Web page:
Training Volume

Not all hours are created equally:  For me winter hours are a combination of focused trainer rides, xc skiing, fat biking, gym, and running.  -20 and combination workouts can often mean a little less hours and more quality is more benefit.  Being able to stay home during the winter and train with focus is key for my summer energy level and desire to push the pedals come spring!
This winter I shared some of my thoughts on training volume for endurance athletes and wanted to expand on that topic here with some additional thoughts for both recreational and elite endurance athletes.

My Original Instagram post: Training volume is a hot topic right now in endurance circles and it’s an interesting one because so many different athletes are successful on different amounts of training. Currently the trend is towards more, but probably my best season was 2011, where I did almost 100 hrs (12%) less than my mediocre season last year (about 780 vs 880). In training, more isn’t always more and of course there are many factors that go into having a good season (Fitness, recovery, motivation, health…) But more important to consider than hours, is the composition of your training. Does it have consistency? The right stress/rest balance? And are you working on your biggest weaknesses as a rider and the greatest demands of your sport?
If you said yes and you are staying healthy, you are doing your training right. If at that point you feel you can handle more, that’s when it’s time to push the volume to find more gains.”

That I found more success on 780 hours in 2011 than 880 in 2017 does not necessarily mean that more volume was less successful. Racing and training is way more complex to get right than just hitting the right hour number and how you respond to training hours and their composition may change from year to year as you change as an athlete.  When I was successful at 780hrs I was 6 years earlier into my career and those hours may have stressed me more than 880 last year.  I was also successful in 2016 winning an Olympic medal on 850. The differences are seemingly small and demonstrate just how much more there is to look at when training than purely hours.

In any training program that pushes you, getting the rest and recovery dialed is critical and often where things go sideways.  Not only does insufficient rest impact training quality, but motivation and ability to stay healthy. With motivated athletes, you often have to reign them back, rather than ask them to do more. For these reasons, I feel the most important elements of a training program and success as a racer are not hours, but consistency of training and attention to the stress/rest balance.

Volume is important however, as you will have guessed from my continual push for more. A World Class elite cyclist should expect to be doing anywhere from 700-1000+ hours/year. The higher of these training hours are not intended for every cyclist, but for those who are already 90-95% optimal and are looking for the remaining percentages gained in physiological efficiency. For many of you, without the ability to make cycling the number 1 priority in your life, for younger athletes and for those earlier in their athletic development, striving for these ambitious hours may be too much stress and dilute training quality as you do not have the recovery time or the training capacity yet to respond positively to the hours.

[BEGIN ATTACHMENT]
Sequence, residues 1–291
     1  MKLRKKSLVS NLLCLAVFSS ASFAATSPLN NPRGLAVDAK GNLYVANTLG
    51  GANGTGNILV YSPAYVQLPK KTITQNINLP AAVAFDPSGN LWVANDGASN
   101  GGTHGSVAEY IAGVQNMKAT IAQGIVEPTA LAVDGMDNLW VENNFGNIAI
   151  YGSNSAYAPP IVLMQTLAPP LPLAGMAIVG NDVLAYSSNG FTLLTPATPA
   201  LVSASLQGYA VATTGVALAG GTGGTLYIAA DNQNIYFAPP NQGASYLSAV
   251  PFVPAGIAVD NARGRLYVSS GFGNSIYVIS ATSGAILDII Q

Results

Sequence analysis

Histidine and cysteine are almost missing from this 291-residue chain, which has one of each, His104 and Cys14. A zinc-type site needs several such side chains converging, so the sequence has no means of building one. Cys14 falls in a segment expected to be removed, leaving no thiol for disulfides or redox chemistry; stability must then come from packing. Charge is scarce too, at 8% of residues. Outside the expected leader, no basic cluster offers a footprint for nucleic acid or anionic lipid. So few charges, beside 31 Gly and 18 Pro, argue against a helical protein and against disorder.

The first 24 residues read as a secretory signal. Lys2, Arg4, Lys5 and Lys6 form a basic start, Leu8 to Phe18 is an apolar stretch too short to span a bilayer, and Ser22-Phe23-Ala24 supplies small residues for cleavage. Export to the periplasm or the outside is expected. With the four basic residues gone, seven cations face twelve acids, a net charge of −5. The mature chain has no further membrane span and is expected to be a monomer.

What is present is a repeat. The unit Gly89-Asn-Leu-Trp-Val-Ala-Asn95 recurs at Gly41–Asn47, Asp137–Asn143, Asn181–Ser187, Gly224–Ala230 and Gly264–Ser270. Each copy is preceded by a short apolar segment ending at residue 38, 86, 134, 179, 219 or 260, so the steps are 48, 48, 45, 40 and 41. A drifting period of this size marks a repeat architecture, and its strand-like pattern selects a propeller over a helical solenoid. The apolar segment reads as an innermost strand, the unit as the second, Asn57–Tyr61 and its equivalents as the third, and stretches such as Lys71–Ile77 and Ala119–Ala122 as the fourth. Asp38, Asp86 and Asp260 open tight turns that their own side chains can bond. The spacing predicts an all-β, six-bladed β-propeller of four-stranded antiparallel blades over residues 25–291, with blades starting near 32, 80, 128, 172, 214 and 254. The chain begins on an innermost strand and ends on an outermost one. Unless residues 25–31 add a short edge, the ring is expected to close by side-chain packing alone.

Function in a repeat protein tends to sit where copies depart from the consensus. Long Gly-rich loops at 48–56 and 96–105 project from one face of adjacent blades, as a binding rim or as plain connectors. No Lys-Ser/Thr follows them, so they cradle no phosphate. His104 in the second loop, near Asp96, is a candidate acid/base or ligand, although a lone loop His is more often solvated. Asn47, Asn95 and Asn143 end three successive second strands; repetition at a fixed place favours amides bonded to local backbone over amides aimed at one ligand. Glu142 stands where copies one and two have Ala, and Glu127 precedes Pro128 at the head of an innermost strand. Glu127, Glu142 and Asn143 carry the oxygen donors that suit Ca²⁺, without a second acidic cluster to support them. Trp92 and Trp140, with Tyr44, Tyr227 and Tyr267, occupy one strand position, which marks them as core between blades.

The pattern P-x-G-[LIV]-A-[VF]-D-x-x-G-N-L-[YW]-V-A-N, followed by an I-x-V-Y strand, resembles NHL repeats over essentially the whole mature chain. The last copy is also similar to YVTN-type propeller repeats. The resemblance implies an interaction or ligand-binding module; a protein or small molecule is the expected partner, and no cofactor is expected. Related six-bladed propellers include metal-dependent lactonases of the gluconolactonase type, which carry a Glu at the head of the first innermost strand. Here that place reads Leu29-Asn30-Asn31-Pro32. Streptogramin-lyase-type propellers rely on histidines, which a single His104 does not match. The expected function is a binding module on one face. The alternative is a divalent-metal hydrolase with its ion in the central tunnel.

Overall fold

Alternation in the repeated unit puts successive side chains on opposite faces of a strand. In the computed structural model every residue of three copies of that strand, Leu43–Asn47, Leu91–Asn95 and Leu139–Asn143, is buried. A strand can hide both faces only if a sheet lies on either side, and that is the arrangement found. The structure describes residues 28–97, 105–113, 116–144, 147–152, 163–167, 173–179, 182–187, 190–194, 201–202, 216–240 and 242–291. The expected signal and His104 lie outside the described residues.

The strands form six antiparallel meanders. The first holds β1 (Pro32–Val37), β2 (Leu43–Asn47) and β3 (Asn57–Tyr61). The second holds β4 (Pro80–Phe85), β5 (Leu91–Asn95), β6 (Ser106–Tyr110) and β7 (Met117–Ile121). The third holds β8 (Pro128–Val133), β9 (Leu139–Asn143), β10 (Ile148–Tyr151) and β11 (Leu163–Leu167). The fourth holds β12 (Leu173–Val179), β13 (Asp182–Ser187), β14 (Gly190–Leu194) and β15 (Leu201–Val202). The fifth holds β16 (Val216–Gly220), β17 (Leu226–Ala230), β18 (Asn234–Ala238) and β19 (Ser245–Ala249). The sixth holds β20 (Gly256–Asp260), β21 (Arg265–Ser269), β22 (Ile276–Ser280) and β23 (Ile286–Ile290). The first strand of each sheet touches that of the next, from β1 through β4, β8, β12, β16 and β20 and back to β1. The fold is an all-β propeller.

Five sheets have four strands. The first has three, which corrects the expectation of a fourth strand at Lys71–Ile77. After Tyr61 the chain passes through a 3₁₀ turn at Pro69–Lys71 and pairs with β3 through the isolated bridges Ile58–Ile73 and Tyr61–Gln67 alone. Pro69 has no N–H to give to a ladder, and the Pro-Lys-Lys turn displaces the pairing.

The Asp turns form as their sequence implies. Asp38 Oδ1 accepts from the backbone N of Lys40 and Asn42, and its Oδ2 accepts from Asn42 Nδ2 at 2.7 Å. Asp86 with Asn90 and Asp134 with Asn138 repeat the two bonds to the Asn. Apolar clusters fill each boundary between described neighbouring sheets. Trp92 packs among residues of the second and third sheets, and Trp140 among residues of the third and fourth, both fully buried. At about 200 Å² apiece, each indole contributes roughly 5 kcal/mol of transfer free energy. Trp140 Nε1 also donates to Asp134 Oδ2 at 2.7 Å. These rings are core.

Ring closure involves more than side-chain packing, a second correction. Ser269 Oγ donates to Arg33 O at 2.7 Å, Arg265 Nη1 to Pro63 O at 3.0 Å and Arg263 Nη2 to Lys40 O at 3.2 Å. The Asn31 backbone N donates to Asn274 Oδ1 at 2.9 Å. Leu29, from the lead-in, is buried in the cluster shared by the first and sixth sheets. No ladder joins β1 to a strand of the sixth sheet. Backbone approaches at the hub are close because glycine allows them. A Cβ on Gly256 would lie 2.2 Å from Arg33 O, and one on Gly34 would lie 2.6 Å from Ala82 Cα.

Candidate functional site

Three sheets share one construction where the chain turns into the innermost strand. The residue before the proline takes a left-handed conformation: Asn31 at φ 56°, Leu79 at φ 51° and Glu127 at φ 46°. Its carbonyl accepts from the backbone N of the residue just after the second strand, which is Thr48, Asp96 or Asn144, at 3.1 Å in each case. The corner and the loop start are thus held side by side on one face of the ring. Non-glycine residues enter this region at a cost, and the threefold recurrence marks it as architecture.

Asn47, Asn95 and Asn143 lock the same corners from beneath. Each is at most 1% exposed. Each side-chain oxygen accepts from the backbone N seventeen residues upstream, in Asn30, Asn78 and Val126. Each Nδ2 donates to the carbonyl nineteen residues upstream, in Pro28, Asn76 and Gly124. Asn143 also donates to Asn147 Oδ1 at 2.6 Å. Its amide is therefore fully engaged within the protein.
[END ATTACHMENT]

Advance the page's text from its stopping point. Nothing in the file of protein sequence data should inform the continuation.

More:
Everyone knows that athlete that trains super hard on low volume and is wicked fast. This may be making the best of their time available around other life commitments and a volume that enables them to hit their training goals and so is the right volume and approach for them.  For those that have chosen to make cycling their number one priority, this “time-crunched” cyclist model will run into limitations.  Building your volume base is important if you want to be fast for an entire season.  Everyone can hop on the bike, ramp up their training and find some immediate short-term gains, but without a big enough training base there is not a large enough foundation to progress to the next level, or even maintain current fitness for an entire season without going back and rebuilding their aerobic base through volume.

Early into an athlete’s aerobic development their body will respond to any increase in training if structured well.  What is the first step to getting fitter and faster?  Just go ride your bike more!  Train consistently 4-6/week depending on time available around work, school and family.  Watch going too big on any single day if it means you can’t train consistently the next week because you need to recover. Remember that volume is relative.  The volume that stresses a newer athlete to improve will be less than what is required to stress a seasoned pro or lifelong athlete.

When you are feeling strong, training consistently, paying attention to stress/rest cycles by giving yourself a rest day every week and some lighter training between harder days and you still feel capable of more, then this is the time to start developing progressively towards higher volume. 

Becoming an Elite rider is developing progressively towards higher volume by starting with 400, 500, 600 annual hours for example.  Getting stronger on your bike and being the best cyclist you can be around work, family and other commitments can be successful on lower volume that is well-structured and designed to help you get the most out of your week and have you looking forward to hopping on the bike.  

Article first appeared in Pedal Magazine's MTB Frontlines







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